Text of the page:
A world where every building adds environmental equity with a low carbon footprint that far surpasses sustainability is the mission of the Living Building. The concept of the Living Building floated to the surface in the mid-nineties through the EpiCenter project that focused on green building research for the National Institute of Standards and Technology (NIST) at Montana State University in Bozeman Montana. A team of scientists, engineers, and architects led by environmentalist Bob Berkebile and sustainability expert Dr. Kath Williams, gathered to move the needle in advanced sustainable architecture. Jason F. McLennan was part of the design team and used the knowledge gained from this project to lay the groundwork in developing the Living Building Challenge, which is a certification program that pushes architecture to the forefront of sustainability, renewable energy, environmental responsibility, and design.

The Difference Between LEED and the Living Building Challenge

In 1993, three members of the U.S. Green Building Council organized a summit that consisted of representatives from 60 firms and several nonprofits that determined a diverse coalition that spanned the entire building industry. This coalition identified criteria for a green building rating system, which would later become the Leadership in Energy and Environmental Design (LEED) building rating system. The rating method has grown since its 1993 inception and is now LEED version 4.1. This modified version incorporates a Living Standard that now connects green buildings.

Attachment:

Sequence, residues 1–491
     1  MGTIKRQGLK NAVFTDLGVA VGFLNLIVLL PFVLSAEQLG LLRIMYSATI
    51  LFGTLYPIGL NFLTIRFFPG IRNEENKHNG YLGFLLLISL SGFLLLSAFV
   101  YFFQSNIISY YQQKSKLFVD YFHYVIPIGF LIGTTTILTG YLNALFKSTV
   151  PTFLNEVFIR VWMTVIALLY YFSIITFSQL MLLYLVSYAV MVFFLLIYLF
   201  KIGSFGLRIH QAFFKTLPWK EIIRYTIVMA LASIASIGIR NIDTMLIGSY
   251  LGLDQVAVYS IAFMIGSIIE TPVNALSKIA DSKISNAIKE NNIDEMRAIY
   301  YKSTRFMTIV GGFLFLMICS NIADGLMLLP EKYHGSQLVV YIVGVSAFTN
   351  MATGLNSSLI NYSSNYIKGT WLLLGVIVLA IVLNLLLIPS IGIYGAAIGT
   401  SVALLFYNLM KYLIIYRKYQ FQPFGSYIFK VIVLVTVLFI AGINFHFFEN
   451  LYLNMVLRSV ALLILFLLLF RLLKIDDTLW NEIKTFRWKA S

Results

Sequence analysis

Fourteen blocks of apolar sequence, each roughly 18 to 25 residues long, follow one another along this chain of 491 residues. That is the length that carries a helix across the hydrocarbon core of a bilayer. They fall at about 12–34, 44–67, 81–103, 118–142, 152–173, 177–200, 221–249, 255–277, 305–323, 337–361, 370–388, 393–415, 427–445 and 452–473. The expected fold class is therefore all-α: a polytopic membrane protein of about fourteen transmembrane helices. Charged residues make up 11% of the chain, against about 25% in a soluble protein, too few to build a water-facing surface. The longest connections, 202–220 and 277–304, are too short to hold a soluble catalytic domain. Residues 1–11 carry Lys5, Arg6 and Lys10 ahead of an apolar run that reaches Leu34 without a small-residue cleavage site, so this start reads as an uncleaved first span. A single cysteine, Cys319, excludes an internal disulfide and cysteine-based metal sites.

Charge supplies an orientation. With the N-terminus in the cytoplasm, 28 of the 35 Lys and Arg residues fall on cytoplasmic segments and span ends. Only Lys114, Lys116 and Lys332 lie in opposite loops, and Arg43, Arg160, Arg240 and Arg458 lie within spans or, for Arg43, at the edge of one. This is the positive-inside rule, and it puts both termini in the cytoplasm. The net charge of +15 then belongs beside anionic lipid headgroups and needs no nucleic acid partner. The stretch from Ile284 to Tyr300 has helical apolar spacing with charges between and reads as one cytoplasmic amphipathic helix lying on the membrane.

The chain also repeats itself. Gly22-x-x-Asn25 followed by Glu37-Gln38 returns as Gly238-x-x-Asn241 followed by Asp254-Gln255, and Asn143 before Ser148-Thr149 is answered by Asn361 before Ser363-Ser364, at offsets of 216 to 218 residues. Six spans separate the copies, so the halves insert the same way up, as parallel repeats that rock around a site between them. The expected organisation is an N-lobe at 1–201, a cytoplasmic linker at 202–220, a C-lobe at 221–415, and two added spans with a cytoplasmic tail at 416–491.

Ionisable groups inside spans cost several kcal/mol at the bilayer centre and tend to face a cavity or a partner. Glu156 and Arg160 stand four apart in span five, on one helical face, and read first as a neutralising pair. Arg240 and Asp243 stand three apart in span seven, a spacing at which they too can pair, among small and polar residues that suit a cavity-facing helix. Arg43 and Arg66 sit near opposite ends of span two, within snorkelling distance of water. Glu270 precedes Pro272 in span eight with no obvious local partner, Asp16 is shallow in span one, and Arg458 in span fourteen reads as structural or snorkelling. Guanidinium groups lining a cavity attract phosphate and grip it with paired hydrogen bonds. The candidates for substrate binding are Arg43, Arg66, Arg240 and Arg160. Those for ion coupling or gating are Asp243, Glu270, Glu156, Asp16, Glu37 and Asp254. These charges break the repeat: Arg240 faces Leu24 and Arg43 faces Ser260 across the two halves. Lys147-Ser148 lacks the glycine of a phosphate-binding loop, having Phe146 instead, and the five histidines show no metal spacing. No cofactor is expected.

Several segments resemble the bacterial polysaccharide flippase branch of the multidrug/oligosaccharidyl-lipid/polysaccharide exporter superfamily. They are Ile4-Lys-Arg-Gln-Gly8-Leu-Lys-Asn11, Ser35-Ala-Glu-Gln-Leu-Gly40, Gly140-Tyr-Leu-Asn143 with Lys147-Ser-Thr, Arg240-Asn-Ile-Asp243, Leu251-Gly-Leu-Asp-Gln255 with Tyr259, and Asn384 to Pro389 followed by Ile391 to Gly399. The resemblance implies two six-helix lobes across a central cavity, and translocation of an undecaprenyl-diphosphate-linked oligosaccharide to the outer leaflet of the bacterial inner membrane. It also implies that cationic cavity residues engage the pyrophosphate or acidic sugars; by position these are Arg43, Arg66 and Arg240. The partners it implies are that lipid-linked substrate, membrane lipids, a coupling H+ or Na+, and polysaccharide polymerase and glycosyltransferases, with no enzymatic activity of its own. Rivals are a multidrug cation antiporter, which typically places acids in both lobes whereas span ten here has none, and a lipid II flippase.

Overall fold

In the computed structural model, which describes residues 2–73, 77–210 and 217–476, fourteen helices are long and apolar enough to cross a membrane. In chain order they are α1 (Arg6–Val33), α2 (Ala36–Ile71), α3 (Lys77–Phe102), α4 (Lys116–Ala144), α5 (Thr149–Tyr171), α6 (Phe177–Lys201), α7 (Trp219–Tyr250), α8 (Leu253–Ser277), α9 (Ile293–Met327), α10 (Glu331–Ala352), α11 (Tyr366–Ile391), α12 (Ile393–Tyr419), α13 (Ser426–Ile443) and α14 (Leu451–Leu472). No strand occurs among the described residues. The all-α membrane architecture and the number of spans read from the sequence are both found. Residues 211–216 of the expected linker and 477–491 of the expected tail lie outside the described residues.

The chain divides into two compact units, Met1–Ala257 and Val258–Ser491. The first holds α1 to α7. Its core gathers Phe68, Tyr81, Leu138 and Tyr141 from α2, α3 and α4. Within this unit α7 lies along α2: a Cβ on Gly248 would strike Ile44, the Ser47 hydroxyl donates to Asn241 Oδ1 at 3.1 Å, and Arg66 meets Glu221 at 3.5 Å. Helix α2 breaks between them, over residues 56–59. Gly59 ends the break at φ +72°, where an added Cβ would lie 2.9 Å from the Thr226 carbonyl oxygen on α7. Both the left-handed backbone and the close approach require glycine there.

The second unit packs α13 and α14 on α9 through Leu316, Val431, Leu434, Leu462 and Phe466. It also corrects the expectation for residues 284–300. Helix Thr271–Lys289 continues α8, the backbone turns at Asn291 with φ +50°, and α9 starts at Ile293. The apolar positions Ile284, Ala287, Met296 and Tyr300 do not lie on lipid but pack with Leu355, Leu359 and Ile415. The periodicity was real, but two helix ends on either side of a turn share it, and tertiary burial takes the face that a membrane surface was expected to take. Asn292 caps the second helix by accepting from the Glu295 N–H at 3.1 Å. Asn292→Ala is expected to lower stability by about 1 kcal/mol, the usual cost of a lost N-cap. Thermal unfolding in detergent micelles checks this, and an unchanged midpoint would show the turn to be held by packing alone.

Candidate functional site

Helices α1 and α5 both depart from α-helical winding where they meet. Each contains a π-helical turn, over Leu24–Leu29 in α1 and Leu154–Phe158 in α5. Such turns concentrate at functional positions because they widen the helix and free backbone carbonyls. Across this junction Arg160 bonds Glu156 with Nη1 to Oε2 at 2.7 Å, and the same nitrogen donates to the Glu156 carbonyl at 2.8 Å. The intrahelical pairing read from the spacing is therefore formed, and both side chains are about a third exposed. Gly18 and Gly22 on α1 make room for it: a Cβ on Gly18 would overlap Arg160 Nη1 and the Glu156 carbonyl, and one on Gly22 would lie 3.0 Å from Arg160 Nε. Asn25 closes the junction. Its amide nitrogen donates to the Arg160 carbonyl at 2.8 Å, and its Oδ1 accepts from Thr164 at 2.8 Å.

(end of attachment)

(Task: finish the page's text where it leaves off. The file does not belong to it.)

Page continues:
The main difference between the widely recognized LEED certification and the Living Building certification is that LEED focuses more on its framework for healthy, highly efficient, and cost-saving green buildings, while the Living Building Challenge pushes the boundaries in a holistic way and challenges spaces to not only limit their carbon footprint but become a healing space for people and the environment. For example, adding parks or green spaces may not necessarily give you a higher LEED rating but could be architected in a way to meet the health criteria in the Living Space Challenge.


The Living Building Challenge can apply to a variety of different project types, and teams must first choose a specific typology that their project fits into before beginning. The typologies include:

New Building: Any new building can fall into this category, regardless of size.

Existing Building: This typology suits any project that alters the frame or the major systems of a building.

Interior: This category is also suited for any project that does not alter the structure’s frame or significant systems of any building.

Landscape or Infrastructure: Teams can use this typology for any project that does not include an enclosed structure as part of its primary program. Projects could consist of parks, roads, bridges, plazas, sports facilities, or trails.